Note: This page contains sample records for the topic "air quality development" from the National Library of EnergyBeta (NLEBeta).
While these samples are representative of the content of NLEBeta,
they are not comprehensive nor are they the most current set.
We encourage you to perform a real-time search of NLEBeta
to obtain the most current and comprehensive results.


361

Vsd Oil Free Air Compressor, Vsd Oil Free Air Compressor ...  

U.S. Energy Information Administration (EIA)

Vsd Oil Free Air Compressor, You Can Buy Various High Quality Vsd Oil Free Air Compressor Products from Global Vsd Oil Free Air Compressor Suppliers ...

362

Oil Free Vsd Air Compressor, Oil Free Vsd Air Compressor ...  

U.S. Energy Information Administration (EIA)

Oil Free Vsd Air Compressor, You Can Buy Various High Quality Oil Free Vsd Air Compressor Products from Global Oil Free Vsd Air Compressor Suppliers ...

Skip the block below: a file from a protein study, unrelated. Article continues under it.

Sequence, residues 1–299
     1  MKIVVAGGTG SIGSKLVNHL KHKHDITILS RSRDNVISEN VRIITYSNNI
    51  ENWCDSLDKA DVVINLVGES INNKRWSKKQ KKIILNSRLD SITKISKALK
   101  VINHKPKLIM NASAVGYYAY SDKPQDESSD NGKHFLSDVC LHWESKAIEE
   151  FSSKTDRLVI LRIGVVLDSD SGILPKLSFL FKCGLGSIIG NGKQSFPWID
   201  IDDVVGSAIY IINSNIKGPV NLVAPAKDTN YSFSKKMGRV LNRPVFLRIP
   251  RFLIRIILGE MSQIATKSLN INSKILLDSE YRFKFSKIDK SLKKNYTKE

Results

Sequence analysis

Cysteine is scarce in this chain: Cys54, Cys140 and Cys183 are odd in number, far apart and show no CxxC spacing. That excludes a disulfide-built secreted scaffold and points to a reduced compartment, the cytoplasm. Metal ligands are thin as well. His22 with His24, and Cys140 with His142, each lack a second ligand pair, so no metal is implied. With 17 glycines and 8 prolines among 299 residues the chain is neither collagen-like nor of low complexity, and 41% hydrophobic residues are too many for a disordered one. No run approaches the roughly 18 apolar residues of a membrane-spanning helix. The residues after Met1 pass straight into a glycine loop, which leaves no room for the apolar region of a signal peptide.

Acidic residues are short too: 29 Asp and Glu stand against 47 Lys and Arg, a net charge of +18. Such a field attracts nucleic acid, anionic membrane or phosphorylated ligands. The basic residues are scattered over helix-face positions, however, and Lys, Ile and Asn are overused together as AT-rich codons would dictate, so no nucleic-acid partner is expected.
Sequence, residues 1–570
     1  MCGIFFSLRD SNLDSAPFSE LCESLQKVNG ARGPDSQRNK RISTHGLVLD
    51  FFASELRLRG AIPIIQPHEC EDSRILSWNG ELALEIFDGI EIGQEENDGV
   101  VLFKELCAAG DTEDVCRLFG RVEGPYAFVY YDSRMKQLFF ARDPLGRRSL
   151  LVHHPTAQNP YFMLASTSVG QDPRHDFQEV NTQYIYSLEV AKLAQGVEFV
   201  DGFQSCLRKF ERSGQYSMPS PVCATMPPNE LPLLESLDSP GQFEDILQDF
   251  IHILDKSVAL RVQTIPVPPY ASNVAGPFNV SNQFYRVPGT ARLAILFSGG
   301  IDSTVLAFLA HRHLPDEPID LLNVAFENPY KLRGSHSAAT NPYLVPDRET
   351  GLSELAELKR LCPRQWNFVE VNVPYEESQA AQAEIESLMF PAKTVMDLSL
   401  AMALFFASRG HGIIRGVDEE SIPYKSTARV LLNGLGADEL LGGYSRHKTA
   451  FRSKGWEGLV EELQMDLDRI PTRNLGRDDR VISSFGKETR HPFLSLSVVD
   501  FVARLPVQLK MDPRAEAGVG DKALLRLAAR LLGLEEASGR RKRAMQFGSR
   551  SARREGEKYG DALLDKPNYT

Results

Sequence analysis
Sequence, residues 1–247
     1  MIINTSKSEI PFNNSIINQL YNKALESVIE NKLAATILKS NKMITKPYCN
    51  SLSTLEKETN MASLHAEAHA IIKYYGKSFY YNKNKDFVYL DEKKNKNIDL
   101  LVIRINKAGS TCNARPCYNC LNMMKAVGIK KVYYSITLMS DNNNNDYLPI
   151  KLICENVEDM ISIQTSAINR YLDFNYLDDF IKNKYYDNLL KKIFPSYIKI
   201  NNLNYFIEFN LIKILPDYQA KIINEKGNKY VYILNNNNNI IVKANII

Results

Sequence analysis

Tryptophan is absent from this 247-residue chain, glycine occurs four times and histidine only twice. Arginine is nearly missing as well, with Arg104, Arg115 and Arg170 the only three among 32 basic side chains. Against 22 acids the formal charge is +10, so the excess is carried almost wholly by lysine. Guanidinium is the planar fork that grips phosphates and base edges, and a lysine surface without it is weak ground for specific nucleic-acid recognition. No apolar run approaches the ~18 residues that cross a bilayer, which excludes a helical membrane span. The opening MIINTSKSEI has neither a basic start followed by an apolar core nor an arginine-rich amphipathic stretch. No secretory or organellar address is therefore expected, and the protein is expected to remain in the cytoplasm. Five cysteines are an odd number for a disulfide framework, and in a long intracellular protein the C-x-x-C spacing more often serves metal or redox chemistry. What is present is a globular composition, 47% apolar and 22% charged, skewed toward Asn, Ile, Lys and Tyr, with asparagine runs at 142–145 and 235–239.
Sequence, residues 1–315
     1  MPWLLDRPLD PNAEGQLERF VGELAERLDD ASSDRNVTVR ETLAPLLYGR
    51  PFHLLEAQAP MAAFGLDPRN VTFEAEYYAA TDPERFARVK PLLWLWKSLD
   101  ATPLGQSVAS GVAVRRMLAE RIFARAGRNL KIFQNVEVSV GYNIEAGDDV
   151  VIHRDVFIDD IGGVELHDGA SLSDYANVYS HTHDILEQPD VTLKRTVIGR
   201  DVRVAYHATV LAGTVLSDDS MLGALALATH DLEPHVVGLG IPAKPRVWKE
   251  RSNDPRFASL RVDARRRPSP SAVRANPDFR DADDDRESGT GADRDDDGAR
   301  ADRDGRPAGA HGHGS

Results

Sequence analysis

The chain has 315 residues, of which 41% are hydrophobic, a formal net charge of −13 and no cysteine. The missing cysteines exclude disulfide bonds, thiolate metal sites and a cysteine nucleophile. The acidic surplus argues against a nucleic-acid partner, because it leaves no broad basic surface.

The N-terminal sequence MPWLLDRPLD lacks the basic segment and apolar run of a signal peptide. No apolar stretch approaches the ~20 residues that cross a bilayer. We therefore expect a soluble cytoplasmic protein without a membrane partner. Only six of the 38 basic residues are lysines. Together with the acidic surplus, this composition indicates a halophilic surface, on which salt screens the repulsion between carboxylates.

363

DOE/NV/26383-LTR2008-01 Letter Report Yucca Mountain Environmental Monitoring Systems Initiative - Air Quality Scoping Study for Caliente, Lincoln County, Nevada  

Science Conference Proceedings (OSTI)

The Desert Research Institute (DRI) is performing a scoping study as part of the U.S. Department of Energy's Yucca Mountain Environmental Monitoring Systems Initiative (EMSI). The main objective is to obtain baseline air quality information for Yucca Mountain and an area surrounding the Nevada Test Site (NTS). Air quality and meteorological monitoring and sampling equipment housed in a mobile trailer (shelter) is collecting data at eight sites outside the NTS, including Ash Meadows National Wildlife Refuge (NWR), Beatty, Sarcobatus Flats, Rachel, Caliente, Pahranagat NWR, Crater Flat, and Tonopah Airport, and at four sites on the NTS (Engelbrecht et al., 2007a-d). The trailer is stationed at any one site for approximately eight weeks at a time. This letter report provides a summary of air quality and meteorological data, on completion of the site's sampling program.